Febrile infants may not need painful tests, antibiotics, hospitalizations

ScienceDaily | 2/18/2019 | Staff
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The finding has important implications for identifying cases in which infants may not need invasive medical care such spinal taps, antibiotics or hospitalizations.

The major study, which involved nearly 2000 febrile infants who were evaluated at 26 emergency departments around the country, showed how physicians can more precisely identify babies who are at low risk of serious bacterial infections such as urinary tract infections, bacteria in the blood and bacterial meningitis, in order to avoid spinal taps (also known as lumbar punctures), antibiotic medications and hospitalizations, which also carry risks and can be costly.

Study - Prediction - Rule - Infants - Days

The study, "A clinical prediction rule to identify febrile infants 60 days and younger at low risk for serious bacterial infections," is online today in JAMA Pediatrics.

The new protocol, which could be implemented following a larger validation study, would enhance decision-making for emergency room providers and bring relief to the parents of many of the nearly half-million febrile infants who are evaluated in U.S. emergency departments each year.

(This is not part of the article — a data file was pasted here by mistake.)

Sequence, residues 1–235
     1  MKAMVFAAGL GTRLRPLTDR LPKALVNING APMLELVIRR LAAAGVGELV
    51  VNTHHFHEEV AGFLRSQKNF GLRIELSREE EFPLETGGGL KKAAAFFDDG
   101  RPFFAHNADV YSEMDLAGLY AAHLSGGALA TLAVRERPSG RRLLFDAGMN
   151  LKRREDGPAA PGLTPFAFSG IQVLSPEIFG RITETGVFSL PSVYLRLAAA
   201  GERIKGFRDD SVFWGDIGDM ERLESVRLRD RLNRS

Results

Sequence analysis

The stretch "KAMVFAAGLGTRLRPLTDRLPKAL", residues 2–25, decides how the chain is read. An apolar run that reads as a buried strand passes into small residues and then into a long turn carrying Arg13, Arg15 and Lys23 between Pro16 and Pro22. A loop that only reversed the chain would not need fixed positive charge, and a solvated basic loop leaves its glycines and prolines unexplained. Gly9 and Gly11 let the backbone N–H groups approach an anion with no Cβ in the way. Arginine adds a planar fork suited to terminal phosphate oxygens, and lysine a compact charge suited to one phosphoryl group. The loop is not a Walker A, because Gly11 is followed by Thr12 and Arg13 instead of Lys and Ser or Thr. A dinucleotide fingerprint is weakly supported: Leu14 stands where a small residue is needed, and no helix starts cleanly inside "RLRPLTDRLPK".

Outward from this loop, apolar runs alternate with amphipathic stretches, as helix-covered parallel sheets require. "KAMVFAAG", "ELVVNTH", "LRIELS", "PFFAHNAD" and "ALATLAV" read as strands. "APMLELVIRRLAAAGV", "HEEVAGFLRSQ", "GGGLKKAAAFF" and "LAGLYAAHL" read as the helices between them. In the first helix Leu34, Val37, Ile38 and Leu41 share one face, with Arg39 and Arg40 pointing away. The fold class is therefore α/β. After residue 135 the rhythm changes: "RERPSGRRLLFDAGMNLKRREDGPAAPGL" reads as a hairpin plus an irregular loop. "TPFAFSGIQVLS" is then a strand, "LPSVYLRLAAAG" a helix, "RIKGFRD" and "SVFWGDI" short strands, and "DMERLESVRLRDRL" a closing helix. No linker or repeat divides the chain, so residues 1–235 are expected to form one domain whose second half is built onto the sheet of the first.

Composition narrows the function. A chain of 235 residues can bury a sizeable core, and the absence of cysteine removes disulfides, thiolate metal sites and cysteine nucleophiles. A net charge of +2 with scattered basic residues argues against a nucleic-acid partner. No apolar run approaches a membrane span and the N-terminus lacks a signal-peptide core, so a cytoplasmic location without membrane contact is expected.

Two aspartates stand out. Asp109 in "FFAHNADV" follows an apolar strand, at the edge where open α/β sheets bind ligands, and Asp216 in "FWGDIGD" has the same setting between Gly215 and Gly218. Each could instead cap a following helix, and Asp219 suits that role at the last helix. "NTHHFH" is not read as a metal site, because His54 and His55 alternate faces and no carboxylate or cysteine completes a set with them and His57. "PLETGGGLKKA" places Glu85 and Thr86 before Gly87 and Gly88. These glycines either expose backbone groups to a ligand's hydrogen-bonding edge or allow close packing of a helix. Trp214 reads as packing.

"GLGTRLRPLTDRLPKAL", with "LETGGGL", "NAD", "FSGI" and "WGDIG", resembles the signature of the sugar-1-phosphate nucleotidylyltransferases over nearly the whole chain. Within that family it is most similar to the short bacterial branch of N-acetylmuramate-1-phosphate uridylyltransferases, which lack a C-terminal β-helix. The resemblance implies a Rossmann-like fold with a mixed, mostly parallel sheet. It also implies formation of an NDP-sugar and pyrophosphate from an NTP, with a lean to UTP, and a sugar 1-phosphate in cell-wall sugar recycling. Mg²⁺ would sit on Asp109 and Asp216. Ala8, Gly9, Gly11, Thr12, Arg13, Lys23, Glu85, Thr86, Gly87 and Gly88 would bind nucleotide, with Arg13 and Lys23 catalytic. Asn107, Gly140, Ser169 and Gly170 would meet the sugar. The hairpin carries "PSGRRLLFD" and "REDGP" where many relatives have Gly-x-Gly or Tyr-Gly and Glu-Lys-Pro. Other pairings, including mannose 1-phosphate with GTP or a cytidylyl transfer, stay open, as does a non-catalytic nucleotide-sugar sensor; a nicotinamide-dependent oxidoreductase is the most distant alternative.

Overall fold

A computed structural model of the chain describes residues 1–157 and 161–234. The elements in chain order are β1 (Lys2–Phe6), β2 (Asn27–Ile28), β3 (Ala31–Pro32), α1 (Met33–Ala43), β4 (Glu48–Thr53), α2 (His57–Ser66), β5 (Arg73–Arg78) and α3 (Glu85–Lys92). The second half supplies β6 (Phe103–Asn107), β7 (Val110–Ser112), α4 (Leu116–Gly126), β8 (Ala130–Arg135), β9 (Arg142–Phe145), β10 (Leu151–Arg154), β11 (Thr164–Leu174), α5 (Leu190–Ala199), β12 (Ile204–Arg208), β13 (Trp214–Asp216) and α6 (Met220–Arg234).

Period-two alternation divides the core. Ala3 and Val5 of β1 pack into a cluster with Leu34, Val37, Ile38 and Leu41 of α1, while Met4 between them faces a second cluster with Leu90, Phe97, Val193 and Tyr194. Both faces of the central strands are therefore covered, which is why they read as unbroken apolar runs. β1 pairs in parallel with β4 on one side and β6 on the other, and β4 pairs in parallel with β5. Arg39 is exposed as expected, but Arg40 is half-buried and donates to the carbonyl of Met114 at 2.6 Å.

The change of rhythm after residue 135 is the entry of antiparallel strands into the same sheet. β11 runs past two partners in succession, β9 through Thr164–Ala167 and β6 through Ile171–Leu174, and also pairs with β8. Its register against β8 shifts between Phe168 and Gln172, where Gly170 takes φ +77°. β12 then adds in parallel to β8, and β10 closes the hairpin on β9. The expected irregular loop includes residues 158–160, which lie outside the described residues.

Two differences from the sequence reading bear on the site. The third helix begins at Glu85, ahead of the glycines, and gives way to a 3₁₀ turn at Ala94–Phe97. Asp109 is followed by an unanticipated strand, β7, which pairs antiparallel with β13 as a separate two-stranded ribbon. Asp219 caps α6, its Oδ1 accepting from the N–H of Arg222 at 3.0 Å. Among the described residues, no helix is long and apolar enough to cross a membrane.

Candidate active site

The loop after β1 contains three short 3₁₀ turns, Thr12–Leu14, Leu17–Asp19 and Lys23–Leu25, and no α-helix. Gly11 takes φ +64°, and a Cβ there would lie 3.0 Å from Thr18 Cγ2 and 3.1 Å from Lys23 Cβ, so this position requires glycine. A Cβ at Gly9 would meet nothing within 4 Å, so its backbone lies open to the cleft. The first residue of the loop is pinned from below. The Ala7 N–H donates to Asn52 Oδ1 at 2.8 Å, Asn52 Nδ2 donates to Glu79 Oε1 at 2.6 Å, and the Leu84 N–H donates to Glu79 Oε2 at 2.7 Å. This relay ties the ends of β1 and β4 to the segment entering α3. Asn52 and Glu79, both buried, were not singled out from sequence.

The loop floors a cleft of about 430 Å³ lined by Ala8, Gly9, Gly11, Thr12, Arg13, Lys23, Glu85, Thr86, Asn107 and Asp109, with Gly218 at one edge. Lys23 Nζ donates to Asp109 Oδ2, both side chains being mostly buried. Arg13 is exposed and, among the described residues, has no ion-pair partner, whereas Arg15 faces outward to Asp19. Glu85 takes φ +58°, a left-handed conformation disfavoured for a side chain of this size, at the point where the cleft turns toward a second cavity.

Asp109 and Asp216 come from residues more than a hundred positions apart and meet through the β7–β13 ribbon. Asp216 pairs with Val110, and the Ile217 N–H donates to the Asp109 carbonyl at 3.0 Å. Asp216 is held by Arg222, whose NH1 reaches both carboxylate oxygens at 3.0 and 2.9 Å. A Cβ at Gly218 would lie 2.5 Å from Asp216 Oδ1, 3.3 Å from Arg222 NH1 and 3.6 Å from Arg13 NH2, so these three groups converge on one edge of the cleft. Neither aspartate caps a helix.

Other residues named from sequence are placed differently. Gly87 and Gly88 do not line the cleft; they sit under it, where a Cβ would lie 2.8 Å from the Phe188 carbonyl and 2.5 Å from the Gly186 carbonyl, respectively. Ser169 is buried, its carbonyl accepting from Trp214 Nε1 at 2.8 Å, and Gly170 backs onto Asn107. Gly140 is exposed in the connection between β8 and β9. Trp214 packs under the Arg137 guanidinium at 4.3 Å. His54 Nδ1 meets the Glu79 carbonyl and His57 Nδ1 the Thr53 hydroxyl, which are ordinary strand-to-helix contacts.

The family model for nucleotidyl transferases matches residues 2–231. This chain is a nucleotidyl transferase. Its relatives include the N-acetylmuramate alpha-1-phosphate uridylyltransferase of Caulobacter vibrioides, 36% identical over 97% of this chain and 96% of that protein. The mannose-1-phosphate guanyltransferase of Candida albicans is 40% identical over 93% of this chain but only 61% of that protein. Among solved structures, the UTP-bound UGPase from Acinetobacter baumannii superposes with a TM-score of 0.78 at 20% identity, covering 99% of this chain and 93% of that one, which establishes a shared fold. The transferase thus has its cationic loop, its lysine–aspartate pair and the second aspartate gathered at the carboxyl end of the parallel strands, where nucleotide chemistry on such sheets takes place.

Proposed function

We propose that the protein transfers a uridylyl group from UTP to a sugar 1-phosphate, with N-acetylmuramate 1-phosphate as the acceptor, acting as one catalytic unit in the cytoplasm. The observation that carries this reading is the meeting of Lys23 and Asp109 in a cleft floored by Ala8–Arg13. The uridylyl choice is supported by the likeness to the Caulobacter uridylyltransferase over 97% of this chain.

Infection - Infant - Complications - Physicians - Procedures

"Missing a serious bacterial infection in an infant can lead to severe complications, which is why physicians traditionally have been very cautious and included invasive procedures, medications and hospitalizations when evaluating these infants," said Nathan Kuppermann, professor and chair of emergency medicine at UC Davis School of Medicine and lead author of the study. "We were able to derive and validate a prediction rule, essentially a mathematical tool for physicians to confidently make clinical decisions about young infants with fevers to identify those who are at low risk of serious bacterial infections."

Fewer than 10 percent of infants evaluated for fever in emergency departments in the United States typically have serious or potentially life-threatening bacterial infections. However, because of their age and the standard treatment guidelines, many must undergo invasive testing, be hospitalized and given antibiotic treatments until bacterial infection can ruled...
(Excerpt) Read more at: ScienceDaily
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